The water depths I like to focus on are two to five feet with most of my strikes in ~3 feet of water. The challenge is keeping the Bluegills and Crappies from hitting your dry fly, so I try to stay out deep casing in toward the gravel shorelines or rock piles, stay away from the weedlines.

Which Dry Fly Works Best For Smallmouth

I have found the Brown Spider (Dry Fly) with white legs to work great, but have also caught them on Green and Black body spiders. When fishing for Bass I use my larger homemade Spiders, which use a size 10 Aberdeen Light Wire Panfish hook.

How To Handle A Smallmouth Bass On A Fly Rod

When using a Fly Rod for Bass I use the same rod and leader I use for catching Bluegills. The leader I use is not tapered, but just a three foot piece of 6 or 8 lb monofilament line. The key for handling the Smallmouth is; do not horse them in, let the fly rod do the work and wear the fish out. And do not try and lift them out of the water with your fly rod, but rather use a net or grab them by the lip while their still in the water. This should minimize any risk of breaking your leader.

When Are Bass Most Active – Late Season Bass Fishing

Deep Weedlines – Larger Bass

It’s seems Bass are easy to catch and can be caught all year long, but there are times in the season when they are more active than others.I find in the early summer you can catch them in the shallows feeding, but once summer is in full swing you need to go to the deeper weedlines. Now if you have not fished the Fall season for Bass then you are missing out. Early Fall is like no other time of the year for catching Largemouth Bass. The bass are preparing for Winter and the Spring spawning season, so they are feeding more aggressively and carrying more weight.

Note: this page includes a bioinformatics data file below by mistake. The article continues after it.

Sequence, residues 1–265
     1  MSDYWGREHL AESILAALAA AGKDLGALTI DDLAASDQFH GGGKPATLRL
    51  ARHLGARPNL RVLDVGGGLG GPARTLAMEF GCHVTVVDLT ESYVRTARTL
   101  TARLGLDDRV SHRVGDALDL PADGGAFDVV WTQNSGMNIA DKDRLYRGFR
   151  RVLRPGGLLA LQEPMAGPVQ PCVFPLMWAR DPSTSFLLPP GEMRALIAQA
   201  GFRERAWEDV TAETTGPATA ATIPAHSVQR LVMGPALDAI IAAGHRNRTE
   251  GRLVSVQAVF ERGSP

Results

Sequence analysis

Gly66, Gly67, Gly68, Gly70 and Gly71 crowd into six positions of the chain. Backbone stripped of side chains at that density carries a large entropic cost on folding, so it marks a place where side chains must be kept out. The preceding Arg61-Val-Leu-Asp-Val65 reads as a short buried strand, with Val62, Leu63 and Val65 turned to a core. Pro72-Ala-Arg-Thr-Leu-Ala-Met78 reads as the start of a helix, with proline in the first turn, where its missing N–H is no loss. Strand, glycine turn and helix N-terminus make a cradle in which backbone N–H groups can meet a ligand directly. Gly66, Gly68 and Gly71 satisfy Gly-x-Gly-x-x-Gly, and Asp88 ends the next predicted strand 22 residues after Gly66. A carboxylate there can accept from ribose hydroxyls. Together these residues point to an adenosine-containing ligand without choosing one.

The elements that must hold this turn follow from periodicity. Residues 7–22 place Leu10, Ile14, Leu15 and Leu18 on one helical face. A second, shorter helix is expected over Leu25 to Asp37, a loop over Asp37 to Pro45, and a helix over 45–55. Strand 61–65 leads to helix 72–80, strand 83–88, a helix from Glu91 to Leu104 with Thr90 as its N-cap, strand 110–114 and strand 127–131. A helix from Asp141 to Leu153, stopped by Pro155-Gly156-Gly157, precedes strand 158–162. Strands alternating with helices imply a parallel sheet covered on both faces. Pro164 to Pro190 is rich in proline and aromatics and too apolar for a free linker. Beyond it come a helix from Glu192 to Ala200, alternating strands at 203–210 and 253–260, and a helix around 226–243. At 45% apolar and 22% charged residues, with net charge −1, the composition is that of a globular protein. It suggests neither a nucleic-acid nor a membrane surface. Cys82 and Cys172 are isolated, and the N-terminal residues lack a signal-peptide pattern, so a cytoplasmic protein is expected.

Where To Catch The Largest Bass

In the early Fall season focus on the deep weedlines with sharp drop-offs for the largest fish. If the sun is high I go deeper than during the dusk and dawn times. On this bass trip we were on the lake from 4pm to 7pm and caught over 15 bass, the largest being a 4.5 lb Largemouth and a 3 lb Smallmouth.

Using the Strike King & Innovation Shad Combination

When the Sun is high or the water is choppy I will go deep with this artificial combination. I go to the weedlines that are close to a quick and deep drop. Now this bait combination may not catch as many fish as a Bandit Crankbait, but it will catch large bass. I consistently catch 4 to 5 lb Largemouth Bass with this and occasionally one up to 6 lbs. I also catch nice Smallmouth with this, but have found better baits for the Smallies.

Using The 200 & 300 Bandit Crankbait

I will use the Bandit once the Sun starts to go down and the bass come into the weedline to feed. I like to use the 300 and reel it slowly, as this will dive up to 8 feet then. The Fall Bass can not resist it, but you will find they will not run as large as those you will catch with the Strike King and Reaction Innovation Shad.

Using The J-Plug Or Buzzbait

By late Summer and early Fall I have typically stop using these two baits, due to the weeds being up to the surface. However, if you see a swirl far in the weeds then toss the buzzbait up there, It won’t take long and that bass will find it.

One tactic I found to work great when using the buzzbait is to toss it up high so the bass can see it coming. Why, well the bass are always looking for dragonflies to eat and they need to time it perfectly or they will miss it. The same holds true for top water baits, ever notice a lot of your bass hits are right after it hits the water…

Early Fall Bass Catch

Here is our catch for this 3 hour bass fishing trip, using the Strike King & Reaction Innovation Bait Combination. In my video you will see the Bait Combination used and the differences between a Largemouth and Smallmouth Bass..

How To Find & Catch Stripers – Freshwater Hybrids – Bass